• [0013]
    Obesity accounts for 2-6% of total health care costs in several developed countries; some estimates put the figure as high as 7%. The true costs are undoubtedly much greater as not all obesity-related conditions are included in the calculations.
  • [0014]
    Overweight and obesity lead to adverse metabolic effects on blood pressure, cholesterol, triglycerides and insulin resistance. The non-fatal, but debilitating health problems associated with obesity include respiratory difficulties, chronic musculoskeletal problems, skin problems and infertility. The more life-threatening problems fall into four main areas: CVD problems; conditions associated with insulin resistance such as type 2 diabetes; certain types of cancers, especially the hormonally related and large-bowel cancers; and gallbladder disease.
  • [0015]
    The likelihood of developing Type 2 diabetes and hypertension rises steeply with increasing body fatness. Confined to older adults for most of the 20th century, this disease now affects obese children even before puberty. Approximately 85% of people with diabetes are type 2, and of these, 90% are obese or overweight. And this is increasingly becoming a developing world problem. In 1995, the Emerging Market Economies had the highest number of diabetics. If current trends continue, India and the Middle Eastern crescent will likely have taken over by 2025. Large increases would likely also be observed in China, Latin America and the Caribbean, and the rest of Asia.
  • [0016]
    Abnormal glucose tolerance refers to metabolic stages intermediary to normal glucose homeostasis and Type 2 diabetes; this includes conditions like impaired glucose tolerance (IGT) and impaired fasting glucose (JFG), where glucose values are above the conventional normal range and are often accompanied by a decrease in insulin sensitivity. Impaired glucose tolerance (IGT) and impaired fasting glucose (IFG) are transient, intermediate stages in the development of Type 2 diabetes. Within ten years of diagnosis, approximately 30% of IGT subjects will progress to Type 2 diabetes and potentially to health problems that accompany this disease, including retinopathy, nephropathy, and peripheral neuropathy. In addition, abnormal glucose tolerance and decreased insulin sensitivity are associated with a high risk for the development of hypertension, dyslipidemia and an increase incidence of coronary artery disease.
  • [0017]
    Abnormal glucose tolerance and decreased insulin sensitivity can be attributed to a wide range of causes including obesity, age, physical activity level, certain medication or drugs, genetic factors, and some endocrine related disorders. The truncal distribution of weight as determined by a high waist to hip ratio (WHR) is a good predictor of abnormal insulin sensitivity, and there is an excellent correlation between a high body mass index (BMI) and decreased insulin sensitivity. Approximately 33% of the population in the United States is obese, and the majority of these individuals have decreased insulin sensitivity, are hyperinsulinemic, and often have abnormal glucose tolerance.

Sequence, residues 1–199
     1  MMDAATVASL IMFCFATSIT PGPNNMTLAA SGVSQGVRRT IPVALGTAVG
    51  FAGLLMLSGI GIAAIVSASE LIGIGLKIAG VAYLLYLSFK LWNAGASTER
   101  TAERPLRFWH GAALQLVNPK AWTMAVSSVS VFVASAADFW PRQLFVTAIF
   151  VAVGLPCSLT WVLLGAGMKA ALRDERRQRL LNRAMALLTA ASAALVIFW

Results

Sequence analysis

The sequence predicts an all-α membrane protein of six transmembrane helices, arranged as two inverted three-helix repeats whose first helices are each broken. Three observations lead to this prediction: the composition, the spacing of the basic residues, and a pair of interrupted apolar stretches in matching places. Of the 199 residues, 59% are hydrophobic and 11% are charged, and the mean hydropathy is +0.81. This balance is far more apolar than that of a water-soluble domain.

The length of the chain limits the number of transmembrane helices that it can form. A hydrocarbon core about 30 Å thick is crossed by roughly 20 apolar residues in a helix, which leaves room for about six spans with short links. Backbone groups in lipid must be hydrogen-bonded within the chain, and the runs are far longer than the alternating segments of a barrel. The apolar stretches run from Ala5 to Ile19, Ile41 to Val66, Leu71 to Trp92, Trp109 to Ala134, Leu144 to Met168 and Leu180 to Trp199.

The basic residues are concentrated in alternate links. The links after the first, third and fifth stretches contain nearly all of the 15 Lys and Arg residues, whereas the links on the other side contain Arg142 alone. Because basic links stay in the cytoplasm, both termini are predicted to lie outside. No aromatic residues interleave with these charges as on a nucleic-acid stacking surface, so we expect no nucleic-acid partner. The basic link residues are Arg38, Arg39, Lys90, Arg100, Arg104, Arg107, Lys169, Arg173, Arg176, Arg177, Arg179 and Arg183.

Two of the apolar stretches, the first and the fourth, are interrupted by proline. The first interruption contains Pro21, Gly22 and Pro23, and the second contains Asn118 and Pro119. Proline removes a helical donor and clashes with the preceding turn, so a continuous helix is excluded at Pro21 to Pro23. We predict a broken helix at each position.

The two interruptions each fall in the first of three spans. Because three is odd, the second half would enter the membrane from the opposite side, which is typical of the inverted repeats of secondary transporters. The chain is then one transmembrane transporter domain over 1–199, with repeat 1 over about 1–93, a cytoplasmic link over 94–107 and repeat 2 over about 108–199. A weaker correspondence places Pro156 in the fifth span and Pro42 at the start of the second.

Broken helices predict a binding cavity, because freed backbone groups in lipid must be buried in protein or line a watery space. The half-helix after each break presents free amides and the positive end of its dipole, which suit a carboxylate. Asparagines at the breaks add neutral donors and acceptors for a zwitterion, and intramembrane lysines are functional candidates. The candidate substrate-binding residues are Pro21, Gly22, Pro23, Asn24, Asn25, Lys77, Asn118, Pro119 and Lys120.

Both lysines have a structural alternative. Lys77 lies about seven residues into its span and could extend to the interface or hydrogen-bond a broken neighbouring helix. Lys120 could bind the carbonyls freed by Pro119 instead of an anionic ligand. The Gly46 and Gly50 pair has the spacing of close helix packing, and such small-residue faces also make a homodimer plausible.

• [0018]
    Impaired fasting glucose (IFG) is defined by the American Diabetes Association as a fasting blood glucose in the range of 110 mg/dL to 125 mg/dL. IFG is determined by analysis of a plasma sample for glucose after a 10-16 hour fast. This is an easy and quick way to determine if there is a problem with glucose tolerance and metabolism.
  • [0019]
    Impaired glucose tolerance (JGT), as defined by the World Health Organization, is determined by the administration of a standard oral glucose tolerance test (OGT) (World Health Org., Diabetes Mellitus, Tech. Rep. Ser., no. 727 (1985)). During an OGTT, a measured amount of glucose (75 grams) is given to a fasted individual and blood glucose levels are measured every 30 minutes, usually for 2 or 3 hours. In a individual with normal glucose tolerance, the blood glucose values will rise during the first part of the test and then rapidly return to basal levels. In an IGT individual the post prandial glucose levels will rise above the normal range, producing a 2-hour glucose value of 140-199 mg/dL, and return to basal levels at a slow rate.
  • [0020]